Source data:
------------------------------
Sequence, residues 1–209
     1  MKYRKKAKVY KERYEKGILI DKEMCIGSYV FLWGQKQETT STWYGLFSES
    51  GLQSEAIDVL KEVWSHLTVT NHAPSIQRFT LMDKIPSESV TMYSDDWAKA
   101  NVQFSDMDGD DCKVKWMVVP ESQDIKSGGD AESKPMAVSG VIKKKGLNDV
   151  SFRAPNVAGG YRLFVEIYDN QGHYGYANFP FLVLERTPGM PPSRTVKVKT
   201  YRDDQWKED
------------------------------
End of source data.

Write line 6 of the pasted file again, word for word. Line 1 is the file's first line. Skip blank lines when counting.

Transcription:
   201  YRDDQWKED